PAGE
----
The severe environmental degradation in Ogoniland continues to draw national and international attention as discussions on the water crisis persist. Located in the Niger Delta region of Nigeria, Ogoniland spans an estimated area of 1,050 square kilometres and is home to approximately 1.5 million people.
Prominent Nigerian journalist and media scholar, Mercy Ette, has shed light on the dire situation faced by the Ogoni people in her recent article contributed to the 2023 annual flagship publication of the Minority Rights Group International. Titled “Nigeria: ‘Water was the source of life; it is now the cause of death’ – the ongoing oil pollution crisis among Ogoni people in the Niger Delta,” the article highlights the devastating effects of environmental pollution caused by both international oil companies and local oil refineries.
Minority Rights Group International (MRG) is an international human rights organization that promotes the rights of minorities and promotes cooperation between communities. Its annual flagship publication this year focuses on the many minorities and indigenous people and how the water crisis has become an existential crisis for them. The report was launched on June 20th 2023 with contributions from many notable Human Rights Advocates.
Heavy flooding across Africa, Pakistan and other human activities has led to the disruption of the planet’s water cycle. The group believe for water justice to be attained, communities that protect the water systems should be prioritised in the international arena.
Ette emphasizes that despite the passage of several decades since the execution of Ken Saro Wiwa and eight others, the Ogoni people still lack access to clean and drinkable water, largely due to negligence and the politicization of the remedial process. The situation is further aggravated by the presence of illegal local refineries, which exacerbate environmental degradation.
“The current spate of artisanal refining in the land has contributed greatly to environmental degradation. The incomplete combustion of hydrocarbons has led to an increase in black soot, resulting in harmful effects on water quality and the overall environment,” states the report, which was co-authored by Martha Agbani.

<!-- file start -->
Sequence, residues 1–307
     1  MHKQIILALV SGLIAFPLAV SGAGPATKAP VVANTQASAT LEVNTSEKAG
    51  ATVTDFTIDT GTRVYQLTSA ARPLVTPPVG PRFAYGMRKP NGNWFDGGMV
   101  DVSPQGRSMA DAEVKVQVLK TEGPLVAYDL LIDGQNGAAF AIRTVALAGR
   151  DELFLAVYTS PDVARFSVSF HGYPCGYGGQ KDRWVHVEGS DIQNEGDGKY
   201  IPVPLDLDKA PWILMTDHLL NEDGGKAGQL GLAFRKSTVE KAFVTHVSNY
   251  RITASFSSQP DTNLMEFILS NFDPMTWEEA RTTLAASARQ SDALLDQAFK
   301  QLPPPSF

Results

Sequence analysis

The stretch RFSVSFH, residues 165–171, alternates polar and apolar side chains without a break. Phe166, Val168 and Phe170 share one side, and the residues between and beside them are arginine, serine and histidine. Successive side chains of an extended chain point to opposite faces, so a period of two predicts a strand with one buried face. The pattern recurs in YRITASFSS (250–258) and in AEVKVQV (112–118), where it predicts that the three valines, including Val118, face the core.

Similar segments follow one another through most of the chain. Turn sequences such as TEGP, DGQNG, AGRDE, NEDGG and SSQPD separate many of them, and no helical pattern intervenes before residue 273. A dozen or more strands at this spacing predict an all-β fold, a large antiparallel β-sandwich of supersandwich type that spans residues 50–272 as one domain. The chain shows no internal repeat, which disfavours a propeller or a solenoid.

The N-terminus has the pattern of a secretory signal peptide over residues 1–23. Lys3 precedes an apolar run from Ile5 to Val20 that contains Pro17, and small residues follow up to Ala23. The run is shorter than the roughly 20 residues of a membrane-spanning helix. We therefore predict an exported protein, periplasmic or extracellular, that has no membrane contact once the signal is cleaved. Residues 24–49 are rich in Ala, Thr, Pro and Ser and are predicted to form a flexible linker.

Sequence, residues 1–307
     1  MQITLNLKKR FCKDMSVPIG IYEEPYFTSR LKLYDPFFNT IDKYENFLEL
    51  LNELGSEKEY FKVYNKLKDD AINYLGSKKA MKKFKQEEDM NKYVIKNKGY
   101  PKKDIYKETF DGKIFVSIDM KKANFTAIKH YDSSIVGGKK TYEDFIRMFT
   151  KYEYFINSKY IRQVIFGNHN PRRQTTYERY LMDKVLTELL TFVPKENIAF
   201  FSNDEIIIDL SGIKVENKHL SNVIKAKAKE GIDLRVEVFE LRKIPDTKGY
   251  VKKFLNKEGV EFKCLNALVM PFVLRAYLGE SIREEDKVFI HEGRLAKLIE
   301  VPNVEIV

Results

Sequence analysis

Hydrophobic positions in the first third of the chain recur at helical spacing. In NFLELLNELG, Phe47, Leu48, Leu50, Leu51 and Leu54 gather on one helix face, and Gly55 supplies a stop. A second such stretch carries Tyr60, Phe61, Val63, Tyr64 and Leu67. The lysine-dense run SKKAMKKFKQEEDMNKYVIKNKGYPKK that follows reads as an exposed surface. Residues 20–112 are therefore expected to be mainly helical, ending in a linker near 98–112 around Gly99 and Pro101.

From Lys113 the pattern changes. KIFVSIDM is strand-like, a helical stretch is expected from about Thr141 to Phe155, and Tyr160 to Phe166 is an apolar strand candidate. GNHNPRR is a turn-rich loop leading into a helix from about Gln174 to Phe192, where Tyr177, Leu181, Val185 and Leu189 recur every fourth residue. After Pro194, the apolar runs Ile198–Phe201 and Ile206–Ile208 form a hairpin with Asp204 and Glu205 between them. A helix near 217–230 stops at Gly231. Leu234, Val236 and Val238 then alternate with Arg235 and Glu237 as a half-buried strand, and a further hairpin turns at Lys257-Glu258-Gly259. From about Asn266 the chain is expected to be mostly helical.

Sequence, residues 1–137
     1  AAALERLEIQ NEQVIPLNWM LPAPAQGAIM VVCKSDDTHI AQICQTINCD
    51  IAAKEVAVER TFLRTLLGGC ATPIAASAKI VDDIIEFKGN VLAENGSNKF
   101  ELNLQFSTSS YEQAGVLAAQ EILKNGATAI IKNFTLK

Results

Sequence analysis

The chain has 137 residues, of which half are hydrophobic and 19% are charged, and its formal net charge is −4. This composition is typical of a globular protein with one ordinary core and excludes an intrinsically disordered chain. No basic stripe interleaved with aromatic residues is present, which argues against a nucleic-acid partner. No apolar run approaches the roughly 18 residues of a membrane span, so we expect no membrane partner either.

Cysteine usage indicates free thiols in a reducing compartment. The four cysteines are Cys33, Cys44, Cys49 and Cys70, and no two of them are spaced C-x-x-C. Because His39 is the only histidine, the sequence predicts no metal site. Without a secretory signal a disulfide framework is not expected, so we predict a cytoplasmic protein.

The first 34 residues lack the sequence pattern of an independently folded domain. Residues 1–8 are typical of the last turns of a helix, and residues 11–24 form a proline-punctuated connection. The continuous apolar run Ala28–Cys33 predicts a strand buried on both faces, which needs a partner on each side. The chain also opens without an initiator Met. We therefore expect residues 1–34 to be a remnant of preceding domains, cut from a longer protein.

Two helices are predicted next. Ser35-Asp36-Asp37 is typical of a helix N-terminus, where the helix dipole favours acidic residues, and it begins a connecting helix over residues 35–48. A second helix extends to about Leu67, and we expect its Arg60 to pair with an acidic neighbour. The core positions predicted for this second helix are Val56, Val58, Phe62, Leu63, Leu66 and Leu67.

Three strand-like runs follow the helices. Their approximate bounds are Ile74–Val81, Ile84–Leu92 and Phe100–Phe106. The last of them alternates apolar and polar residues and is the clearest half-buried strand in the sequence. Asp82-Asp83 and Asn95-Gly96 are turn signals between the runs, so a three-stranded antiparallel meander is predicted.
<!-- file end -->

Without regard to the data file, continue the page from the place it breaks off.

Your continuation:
A UNEP research commissioned to carry out an environmental assessment of Ogoniland found groundwater to have Benzene at 900 times above World Health Organization standards. Potable water remains a huge challenge in much of Ogoniland. As noted in the article by Ette, their recommendations called for emergency measures, as well as medium- and long-term implementation strategies that would lead to the clean-up, remediation and restoration of the land.
However, Ette remains cautiously optimistic about the prospects of change. She highlights the potential impact of the United Nations Environment Programme (UNEP) and the Hydrocarbon Pollution Remediation Project (HYPREP), a government agency established in 2017 to address environmental issues in the Niger Delta. Ette acknowledges the slow progress of the HYPREP project in remediating Ogoniland’s land and water but expresses hope that the combined efforts of the Ogoni people, whether through legal processes or advocacy, will yield positive results soon.
“HYPREP and the ongoing success of the legal battles against Shell are evidence that positive changes are happening in Ogoniland, and that the fight by the Ogoni people to remediate the damages caused by the oil extraction and by the Nigerian State as co-responsible actors in this ecocidal war, may yet lead to environmental justice for the communities and the waters of this land blighted by oil production.” the report said.
The urgent need for remediation and the plight of the Ogoni people serve as a poignant reminder of the far-reaching consequences of environmental degradation and the imperative to address these issues promptly.